asociaal part 2

This time I mean asocial more in the English sense, not having a lot of friends. People here are polite, but reserved. This was covered in my Dutch book too, that they protect their privacy fiercely, and this means a strict separation between your work life and your home life. Upshot = your colleagues don’t want to be your friends. That essentially means that my workaholic husband won’t be making any friends, because work is pretty much all he does. This was kind of bumming him out on his birthday last week.

As for me, well, the thing is, a lot of Germans are like that too – not the privacy-protecting thing so much, but you get the impression that they made all their friends in kindergarten and after that some kind of door closed. And DrBob didn’t notice this while we were still in Germany, because he still has his kindergarten friends.

(Parenthetically, this keeps happening: DrBob remarks on how hard things are now that he’s all foreign, things that I’ve been putting up with for the last eight years, but he manages to complain without ever acknowledging that that must have been difficult for me. It’s hard to make friends, it’s exhausting to have to function in a language not your own, he really misses his home, his people, his culture, and it’s really hard not to say “dude: I KNOW, alright?”)

Anyway, I spent eight years having a hard time making friends. I did make some, say about nine, and only three of those are actual Germans, two of whom are married to eachother. So I’ve changed one basic principle of my expatness: I used to believe that you don’t move 10,000 miles away from home just to hang out with other Anglos, but now I’m ready to look for friends among the expat community. Friendship is one of a great many things that are culturally defined, and if you want friends to whom friendship means the same things that it means to you, well, you’ll have an easier time if you look to your own culture. Not that it’s impossible, and I’ll be perfectly happy if any of my perfectly nice Dutch acquaintances turn into real friends, but if they don’t, I won’t take it personally.

Schlock du jour of the day: That’s What Friends Are For, by Dionne Warwick, Stevie Wonder, Elton John, and Gladys Knight. (Schlock, she says. As if she didn’t know ALL the words by heart.)

7 responses to “asociaal part 2

  • amy

    Well. I have a hard time making friends, and I haven’t even left my own state. I did escape my hometown, though, in all ways possible, so I don’t have those Friends From Kindergarten, either. I think it’s just hard to make new friends after a certain age.

    • alala

      Neither do I, but I have friends from college, friends from my first trip to Europe, friends who had babies when I did, friends because our kids were friends, and former neighbors. Age and circumstance are factors, but there are cultural differences too. I’m just saying I’ll be ready this time.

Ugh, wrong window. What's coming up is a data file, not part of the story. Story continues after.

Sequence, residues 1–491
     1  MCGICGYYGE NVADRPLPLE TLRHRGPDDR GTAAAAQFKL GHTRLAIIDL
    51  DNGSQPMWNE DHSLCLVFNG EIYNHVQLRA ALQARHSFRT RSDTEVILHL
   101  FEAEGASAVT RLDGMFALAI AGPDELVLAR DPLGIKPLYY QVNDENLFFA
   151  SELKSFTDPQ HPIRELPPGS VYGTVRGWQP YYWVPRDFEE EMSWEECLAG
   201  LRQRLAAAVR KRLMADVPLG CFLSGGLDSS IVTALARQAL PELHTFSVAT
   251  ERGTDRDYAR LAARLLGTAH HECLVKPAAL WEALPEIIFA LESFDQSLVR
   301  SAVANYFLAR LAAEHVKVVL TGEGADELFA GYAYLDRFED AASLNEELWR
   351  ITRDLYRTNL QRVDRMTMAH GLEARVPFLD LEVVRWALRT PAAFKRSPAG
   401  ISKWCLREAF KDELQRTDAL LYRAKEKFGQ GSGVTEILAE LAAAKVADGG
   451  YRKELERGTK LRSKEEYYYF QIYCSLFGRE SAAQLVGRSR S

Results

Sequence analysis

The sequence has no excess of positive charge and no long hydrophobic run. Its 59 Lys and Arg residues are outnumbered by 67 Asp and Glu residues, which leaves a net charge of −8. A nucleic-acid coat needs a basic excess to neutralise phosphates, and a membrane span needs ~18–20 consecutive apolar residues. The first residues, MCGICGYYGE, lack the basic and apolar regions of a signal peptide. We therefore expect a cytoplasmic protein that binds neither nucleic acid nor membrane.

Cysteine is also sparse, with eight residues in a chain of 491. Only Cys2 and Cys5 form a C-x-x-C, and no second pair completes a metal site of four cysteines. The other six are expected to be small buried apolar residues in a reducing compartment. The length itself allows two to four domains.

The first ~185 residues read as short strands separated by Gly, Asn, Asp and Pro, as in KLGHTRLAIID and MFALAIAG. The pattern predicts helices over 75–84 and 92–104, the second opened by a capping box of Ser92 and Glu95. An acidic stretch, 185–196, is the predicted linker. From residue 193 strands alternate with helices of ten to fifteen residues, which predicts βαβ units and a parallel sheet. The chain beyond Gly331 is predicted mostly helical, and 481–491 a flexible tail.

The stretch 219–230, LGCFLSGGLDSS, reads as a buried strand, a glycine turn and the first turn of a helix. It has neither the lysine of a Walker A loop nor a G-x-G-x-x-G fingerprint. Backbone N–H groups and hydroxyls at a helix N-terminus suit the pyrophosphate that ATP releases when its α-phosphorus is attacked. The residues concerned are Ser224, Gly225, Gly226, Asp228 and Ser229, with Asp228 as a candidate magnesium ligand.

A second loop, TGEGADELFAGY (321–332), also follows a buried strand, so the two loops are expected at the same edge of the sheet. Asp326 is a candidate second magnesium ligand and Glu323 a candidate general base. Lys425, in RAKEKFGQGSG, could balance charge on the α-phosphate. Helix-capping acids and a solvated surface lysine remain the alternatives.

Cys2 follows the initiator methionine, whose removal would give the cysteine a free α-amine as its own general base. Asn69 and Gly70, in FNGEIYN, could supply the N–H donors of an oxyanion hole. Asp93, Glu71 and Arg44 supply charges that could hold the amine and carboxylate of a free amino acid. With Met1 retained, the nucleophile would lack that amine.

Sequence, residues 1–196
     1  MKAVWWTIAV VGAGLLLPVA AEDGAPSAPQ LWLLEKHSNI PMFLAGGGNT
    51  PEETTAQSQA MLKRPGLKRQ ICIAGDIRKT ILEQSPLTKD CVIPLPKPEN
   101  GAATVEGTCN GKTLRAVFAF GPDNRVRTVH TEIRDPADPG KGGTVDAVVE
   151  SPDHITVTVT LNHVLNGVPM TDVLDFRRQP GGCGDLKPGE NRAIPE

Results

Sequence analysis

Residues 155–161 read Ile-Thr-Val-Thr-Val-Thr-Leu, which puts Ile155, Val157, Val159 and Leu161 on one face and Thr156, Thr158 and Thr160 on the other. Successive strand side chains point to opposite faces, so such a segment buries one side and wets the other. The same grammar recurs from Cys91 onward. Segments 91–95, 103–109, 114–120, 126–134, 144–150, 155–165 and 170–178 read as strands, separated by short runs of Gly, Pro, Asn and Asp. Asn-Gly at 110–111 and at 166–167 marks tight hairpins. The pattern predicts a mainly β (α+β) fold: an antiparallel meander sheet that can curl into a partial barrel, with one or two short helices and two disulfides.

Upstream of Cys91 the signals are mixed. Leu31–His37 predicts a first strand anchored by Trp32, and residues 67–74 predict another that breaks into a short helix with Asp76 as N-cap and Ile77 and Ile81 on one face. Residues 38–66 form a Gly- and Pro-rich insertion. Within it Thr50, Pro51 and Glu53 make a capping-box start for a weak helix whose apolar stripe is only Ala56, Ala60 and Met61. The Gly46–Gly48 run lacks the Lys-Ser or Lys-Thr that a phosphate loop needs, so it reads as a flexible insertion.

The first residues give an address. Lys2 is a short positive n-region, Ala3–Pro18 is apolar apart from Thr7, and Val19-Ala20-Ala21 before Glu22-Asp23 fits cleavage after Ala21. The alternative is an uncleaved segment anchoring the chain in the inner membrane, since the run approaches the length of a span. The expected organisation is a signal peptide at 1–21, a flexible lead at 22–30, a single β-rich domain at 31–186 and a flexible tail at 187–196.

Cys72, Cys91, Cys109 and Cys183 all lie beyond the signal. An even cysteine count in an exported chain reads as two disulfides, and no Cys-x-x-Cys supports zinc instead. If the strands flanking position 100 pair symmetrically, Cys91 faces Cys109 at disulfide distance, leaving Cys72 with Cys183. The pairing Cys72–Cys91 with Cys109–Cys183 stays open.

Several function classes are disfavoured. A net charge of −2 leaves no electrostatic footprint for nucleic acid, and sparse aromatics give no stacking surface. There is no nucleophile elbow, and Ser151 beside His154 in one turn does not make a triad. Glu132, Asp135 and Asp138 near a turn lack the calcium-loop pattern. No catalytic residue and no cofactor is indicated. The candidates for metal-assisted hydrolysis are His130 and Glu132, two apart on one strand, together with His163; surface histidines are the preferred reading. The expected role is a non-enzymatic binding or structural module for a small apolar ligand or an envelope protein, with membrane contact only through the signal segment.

• Melanie

    I think you SHOULD go ahead and say “duh dude, I know!!!”

  • A Touch of Dutch

    Really well-written, about making friends here with the Dutch. I coincedentally have a blog post going up soon which semi-relates to this, and I hope you won’t mind if I link this post to that entry. Thanks for sharing this here!

  • Lopa

    Ohhh i could relate with almost everything you wrote here, ( to be precise apart from the fact that it’s not 7 years that i have been living outside home country) sometimes it gets very depressing with no friends around and that has resulted me spending more time on internet than i ever did, at least that way i can catch up with my friends online.

  • Bones_nl

    Well, you are doing a fine job of making me feel bad about myself.
    Perhaps the line of work or the area you live and work in has an effect on people but I doubt that. Most of my friends I have met through school, sports or jobs. And all of these friendships stay on even when I have changed jobs. Okay, we probably have less often contact when we do not see eachother on a daily basis but when we do meet up it only intensifies the contact because of it. Please do not let your personal experiences reflect on a whole country. Could this be a Dutch/German thing or do all expats experience these issues?

    • alala

      Well, a fair few people seem to relate to what I wrote, so I’m guessing it’s not just me, and not just a Dutch/German thing. I didn’t mean to make anyone feel bad, though, it was just an observation: that the Dutch seem to look for friends outside of work (i.e. school, sports, and hobbies, none of which my husband has time for because he works so much). Doesn’t mean the Dutch way is bad and the Anglo way is better, they’re just different, and it’s hard for us foreigners to navigate these waters because the differences are so rarely articulated.

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